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Worried about holiday weight gain? Try these party eating tips

You can visit the buffet table and still maintain your waistline this season.
/ Source: TODAY

For years, it was reported that the average American gains roughly seven to ten pounds over the holidays.

Turns out that’s not exactly accurate.

“That number may be inflated … as people consume more carbohydrates, baked goods and imbibe more frequently leading to bloat and water retention, but the average weight gain of pure fat is anywhere from two to five pounds,” says Catherine Hauser, MPH, RD, dietitian at F-Factor Nutrition, a private nutrition counseling practice in Manhattan.

Holiday cookies
Decorated star and heart cookies on green paper Christmas cookies stock photoFeaturePics stock

And don't expect any weight gained during the holiday season to just disappear after New Years, either.

“The scariest part of this number is that few people lose the weight after the holidays are over, contributing to weight creep over time.”

RELATED: 7 healthier food choices to make at holiday parties

Indeed, for those watching their weight, the holidays are fraught with hard choices. A half glass of egg nog or two white wine spritzers? Dive into the cookie plate and spend an hour at the gym in the A.M., or stick to fresh fruit and sleep in?

The good news? You can enjoy the holidays and still fit into your New Years Eve dress by following a few key strategies, none of which involve cutting out entire food groups.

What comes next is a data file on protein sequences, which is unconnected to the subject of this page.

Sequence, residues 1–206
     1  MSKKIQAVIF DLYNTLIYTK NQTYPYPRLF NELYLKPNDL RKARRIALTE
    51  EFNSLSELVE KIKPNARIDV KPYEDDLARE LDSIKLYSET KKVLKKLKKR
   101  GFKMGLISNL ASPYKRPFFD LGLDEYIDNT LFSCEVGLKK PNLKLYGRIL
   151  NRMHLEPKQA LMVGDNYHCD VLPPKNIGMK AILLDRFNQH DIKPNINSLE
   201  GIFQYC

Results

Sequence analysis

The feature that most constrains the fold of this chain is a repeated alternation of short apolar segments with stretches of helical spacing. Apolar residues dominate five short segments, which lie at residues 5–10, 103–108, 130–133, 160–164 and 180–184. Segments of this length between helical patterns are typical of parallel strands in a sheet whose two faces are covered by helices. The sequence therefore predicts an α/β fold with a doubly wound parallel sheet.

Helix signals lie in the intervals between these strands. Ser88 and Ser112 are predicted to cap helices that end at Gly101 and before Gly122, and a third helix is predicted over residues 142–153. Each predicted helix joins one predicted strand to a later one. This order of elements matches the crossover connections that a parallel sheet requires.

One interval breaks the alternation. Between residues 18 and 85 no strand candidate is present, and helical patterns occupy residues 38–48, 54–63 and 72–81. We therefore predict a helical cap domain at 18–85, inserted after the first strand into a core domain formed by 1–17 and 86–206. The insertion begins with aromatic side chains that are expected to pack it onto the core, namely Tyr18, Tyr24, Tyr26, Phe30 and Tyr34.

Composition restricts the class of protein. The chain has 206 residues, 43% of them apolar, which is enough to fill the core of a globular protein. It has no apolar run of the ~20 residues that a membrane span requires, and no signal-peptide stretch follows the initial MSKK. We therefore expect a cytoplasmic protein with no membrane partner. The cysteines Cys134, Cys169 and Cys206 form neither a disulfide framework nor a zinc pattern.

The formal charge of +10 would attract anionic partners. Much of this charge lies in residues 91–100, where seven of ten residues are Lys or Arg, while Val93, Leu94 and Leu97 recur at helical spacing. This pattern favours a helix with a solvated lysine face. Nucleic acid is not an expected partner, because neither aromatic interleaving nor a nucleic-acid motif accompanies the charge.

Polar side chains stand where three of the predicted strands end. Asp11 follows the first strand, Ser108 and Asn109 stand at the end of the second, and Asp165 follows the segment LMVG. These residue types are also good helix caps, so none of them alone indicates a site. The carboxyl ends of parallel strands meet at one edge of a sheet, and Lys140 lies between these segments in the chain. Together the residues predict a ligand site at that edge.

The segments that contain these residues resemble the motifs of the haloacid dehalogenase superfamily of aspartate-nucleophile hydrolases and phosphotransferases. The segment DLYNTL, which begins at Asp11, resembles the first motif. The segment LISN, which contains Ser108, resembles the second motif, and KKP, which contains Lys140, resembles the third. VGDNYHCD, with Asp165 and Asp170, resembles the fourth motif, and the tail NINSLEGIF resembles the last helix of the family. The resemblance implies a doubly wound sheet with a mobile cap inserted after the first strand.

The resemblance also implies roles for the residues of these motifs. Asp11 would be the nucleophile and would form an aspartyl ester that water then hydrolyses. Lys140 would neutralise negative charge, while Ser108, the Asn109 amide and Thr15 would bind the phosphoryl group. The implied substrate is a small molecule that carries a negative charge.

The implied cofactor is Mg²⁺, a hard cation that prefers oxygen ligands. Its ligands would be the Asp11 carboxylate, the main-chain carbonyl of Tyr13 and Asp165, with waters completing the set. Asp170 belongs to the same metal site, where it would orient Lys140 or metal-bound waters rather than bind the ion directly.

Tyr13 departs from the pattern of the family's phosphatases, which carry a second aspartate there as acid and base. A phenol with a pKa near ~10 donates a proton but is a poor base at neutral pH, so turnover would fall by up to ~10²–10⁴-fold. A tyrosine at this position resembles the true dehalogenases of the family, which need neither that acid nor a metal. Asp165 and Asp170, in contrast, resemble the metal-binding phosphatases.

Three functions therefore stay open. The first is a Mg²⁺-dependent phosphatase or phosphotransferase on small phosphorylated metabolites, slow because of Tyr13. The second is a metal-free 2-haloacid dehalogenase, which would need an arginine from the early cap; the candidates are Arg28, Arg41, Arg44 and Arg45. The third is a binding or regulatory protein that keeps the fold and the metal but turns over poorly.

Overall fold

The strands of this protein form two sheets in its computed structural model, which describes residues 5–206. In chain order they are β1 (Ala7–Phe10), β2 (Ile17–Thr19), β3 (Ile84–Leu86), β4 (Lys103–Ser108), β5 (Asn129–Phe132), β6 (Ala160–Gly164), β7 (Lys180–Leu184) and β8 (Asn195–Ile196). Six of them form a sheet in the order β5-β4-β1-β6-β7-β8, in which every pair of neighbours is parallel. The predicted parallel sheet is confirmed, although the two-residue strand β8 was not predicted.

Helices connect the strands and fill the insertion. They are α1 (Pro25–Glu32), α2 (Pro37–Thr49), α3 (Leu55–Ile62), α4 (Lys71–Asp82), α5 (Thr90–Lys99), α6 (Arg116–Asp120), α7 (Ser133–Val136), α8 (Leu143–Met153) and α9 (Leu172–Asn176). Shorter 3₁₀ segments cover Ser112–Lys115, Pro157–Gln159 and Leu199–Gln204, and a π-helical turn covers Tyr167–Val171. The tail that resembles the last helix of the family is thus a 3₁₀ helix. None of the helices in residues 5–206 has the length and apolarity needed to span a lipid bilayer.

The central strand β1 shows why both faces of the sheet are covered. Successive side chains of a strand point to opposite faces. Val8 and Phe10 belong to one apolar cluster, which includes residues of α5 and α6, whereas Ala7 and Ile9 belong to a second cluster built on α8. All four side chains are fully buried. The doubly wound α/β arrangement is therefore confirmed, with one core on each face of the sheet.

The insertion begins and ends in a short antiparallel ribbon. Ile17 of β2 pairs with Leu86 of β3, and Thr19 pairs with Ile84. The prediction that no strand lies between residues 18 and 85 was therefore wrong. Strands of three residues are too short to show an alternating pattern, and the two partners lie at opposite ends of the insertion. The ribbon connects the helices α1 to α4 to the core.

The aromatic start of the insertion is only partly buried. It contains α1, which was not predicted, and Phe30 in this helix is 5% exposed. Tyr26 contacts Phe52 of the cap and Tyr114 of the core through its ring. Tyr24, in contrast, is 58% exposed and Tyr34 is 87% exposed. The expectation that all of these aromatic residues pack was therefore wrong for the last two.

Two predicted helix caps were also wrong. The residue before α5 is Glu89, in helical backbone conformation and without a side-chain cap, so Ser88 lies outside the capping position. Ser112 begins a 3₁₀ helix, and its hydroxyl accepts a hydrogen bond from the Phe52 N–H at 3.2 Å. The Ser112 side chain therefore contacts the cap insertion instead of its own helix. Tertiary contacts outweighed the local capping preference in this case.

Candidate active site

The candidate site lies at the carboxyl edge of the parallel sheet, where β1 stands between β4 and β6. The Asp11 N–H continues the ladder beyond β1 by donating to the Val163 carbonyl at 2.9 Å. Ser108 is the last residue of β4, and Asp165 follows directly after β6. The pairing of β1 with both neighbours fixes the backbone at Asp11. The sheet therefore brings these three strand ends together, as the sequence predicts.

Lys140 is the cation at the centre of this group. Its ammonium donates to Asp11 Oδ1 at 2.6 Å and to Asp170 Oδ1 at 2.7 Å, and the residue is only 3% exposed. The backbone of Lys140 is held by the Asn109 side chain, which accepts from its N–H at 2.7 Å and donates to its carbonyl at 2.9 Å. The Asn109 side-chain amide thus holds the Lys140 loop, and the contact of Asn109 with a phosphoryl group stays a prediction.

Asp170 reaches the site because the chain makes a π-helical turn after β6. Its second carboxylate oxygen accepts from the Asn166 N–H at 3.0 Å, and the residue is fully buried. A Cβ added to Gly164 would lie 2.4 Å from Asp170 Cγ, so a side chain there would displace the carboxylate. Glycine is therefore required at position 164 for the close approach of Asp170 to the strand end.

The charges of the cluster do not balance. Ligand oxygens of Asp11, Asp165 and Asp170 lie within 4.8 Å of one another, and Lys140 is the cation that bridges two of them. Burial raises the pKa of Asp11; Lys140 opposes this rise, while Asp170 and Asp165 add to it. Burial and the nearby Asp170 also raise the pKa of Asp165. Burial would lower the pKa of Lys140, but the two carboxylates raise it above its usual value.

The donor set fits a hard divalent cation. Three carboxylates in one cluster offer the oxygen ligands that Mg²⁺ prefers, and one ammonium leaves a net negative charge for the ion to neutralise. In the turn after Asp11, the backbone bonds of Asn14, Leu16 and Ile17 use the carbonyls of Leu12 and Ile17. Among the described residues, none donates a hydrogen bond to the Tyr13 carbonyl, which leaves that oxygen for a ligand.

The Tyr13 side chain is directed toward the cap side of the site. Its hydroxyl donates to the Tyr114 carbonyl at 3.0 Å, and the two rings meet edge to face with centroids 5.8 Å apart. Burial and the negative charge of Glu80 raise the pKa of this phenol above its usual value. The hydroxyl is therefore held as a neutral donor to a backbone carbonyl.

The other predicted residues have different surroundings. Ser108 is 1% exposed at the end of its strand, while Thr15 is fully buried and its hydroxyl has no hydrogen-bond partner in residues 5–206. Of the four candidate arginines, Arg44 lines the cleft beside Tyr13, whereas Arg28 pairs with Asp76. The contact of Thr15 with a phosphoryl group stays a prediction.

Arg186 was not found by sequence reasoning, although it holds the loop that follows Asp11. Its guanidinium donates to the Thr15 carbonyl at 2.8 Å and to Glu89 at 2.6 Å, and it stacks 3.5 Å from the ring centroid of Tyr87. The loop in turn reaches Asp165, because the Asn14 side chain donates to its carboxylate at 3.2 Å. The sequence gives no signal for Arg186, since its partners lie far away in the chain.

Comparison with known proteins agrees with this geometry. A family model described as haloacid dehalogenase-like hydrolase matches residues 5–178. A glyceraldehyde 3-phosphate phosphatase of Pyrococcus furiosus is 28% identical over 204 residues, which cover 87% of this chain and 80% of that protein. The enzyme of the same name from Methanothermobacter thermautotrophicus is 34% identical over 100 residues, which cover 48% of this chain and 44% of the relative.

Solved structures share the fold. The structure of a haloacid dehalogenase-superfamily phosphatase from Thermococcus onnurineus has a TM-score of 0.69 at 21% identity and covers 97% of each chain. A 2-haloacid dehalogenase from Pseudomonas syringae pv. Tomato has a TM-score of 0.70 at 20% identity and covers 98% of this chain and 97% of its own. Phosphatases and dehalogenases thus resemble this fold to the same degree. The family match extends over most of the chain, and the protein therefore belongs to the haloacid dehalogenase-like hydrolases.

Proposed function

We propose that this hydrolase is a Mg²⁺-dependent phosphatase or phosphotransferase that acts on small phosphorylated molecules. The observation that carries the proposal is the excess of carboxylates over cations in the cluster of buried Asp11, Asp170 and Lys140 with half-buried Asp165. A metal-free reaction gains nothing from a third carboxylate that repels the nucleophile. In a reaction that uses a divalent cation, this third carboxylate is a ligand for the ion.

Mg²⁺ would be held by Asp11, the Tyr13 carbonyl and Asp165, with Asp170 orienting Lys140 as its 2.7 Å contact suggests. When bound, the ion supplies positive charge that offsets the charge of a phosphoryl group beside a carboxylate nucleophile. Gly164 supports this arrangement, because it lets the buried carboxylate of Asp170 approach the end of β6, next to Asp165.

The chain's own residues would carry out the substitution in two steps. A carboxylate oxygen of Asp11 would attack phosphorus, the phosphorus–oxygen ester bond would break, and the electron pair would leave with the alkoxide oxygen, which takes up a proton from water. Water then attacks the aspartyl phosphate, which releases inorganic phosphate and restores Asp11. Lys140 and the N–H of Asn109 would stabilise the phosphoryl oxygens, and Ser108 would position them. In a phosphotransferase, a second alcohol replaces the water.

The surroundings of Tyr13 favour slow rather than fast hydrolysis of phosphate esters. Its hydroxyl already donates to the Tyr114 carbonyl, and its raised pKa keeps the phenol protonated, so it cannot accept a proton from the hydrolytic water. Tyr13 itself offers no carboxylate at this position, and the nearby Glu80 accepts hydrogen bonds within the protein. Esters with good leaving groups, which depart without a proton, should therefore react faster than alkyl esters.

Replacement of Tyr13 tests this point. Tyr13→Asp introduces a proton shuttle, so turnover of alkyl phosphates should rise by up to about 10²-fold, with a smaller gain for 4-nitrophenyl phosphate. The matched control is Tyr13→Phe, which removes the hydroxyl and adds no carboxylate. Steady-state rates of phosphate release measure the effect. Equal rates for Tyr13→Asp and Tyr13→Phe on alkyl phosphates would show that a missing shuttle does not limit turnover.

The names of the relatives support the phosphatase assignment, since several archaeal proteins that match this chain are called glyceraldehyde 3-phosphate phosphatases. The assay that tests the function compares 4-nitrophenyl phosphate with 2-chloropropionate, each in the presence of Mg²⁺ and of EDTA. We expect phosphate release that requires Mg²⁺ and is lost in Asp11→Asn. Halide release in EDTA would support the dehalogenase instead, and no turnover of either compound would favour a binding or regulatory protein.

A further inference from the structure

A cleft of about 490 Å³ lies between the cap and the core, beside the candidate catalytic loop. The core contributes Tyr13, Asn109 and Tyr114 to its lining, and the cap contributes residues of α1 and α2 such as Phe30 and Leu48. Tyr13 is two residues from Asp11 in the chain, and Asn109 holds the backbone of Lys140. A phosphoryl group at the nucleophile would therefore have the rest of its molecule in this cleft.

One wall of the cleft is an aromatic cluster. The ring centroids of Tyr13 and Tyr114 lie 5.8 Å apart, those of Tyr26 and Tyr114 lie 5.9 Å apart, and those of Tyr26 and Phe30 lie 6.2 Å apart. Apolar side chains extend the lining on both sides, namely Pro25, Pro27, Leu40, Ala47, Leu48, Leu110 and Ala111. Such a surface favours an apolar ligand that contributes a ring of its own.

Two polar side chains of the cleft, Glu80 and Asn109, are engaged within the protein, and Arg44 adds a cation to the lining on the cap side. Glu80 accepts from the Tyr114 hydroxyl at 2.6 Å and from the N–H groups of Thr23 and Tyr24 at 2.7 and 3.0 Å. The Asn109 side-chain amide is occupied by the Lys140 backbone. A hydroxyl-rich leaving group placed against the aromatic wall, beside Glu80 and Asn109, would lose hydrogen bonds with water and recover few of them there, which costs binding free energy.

Festive Holiday Linzer Torte Cookies in 3 Flavors; Shutterstock ID 93191107; PO:
Festive Holiday Linzer Torte Cookies in 3 Flavors; Shutterstock ID 93191107; PO: today.comShutterstock

Have a party eating plan

The trick is to have a plan for how you'll eat before and at all those holiday parties.

Adjust your eating throughout the day

If you have an after-work party to attend, plan your meals and snacks accordingly so your evening indulgence is balanced out by lighter meals during the day, and you are in the right mindset to treat yourself.

“Plan ahead to ensure that the rest of your day follows a healthy eating plan providing you with plenty of vegetables, lean protein, and a serving of fruit,” says Hauser.

Holiday cookies
Christmas cinnamon cookies icing decorating process with a pastry bag; Shutterstock ID 149082284; PO: today.comShutterstock

RELATED: Get creative with your holiday diet

Get plenty fiber and protein

“Keeping your diet on track with fiber and protein outside of a special occasion will prevent you from feeling ravenous and craving refined carbohydrates, and allows an indulgence to remain a special occasion not the new normal.”

Break the buffet into two strategic trips

Once you're at the party, cruise the buffet table to see what’s available. Plan you meal in two trips — one for appetizers and one for dinner. Also, remember to pause between each course to give your brain time to register fullness.

Holiday cookies
Holiday cookies make a delicious, handmade gift.B. and E. Dudzinscy / Shutterstock

Focus on the right foods

When filling your plate, “focus on what you should eat at the buffet table instead of the foods to avoid. Go for a broth-based soup or salad as a starter, or fill up your plate with veggies — fresh crudité or roasted vegetables — and lean proteins such as shrimp cocktail or the lean meats on the charcuterie platter," says Hauser.

RELATED: 3 creative holiday cookie recipes from TODAY viewers

Yes, you can eat dessert

Linzer Torte calling your name?

Take a small slice, but stick to three bites, giving you a first, middle and last taste. This allows you to enjoy a small dessert without overeating.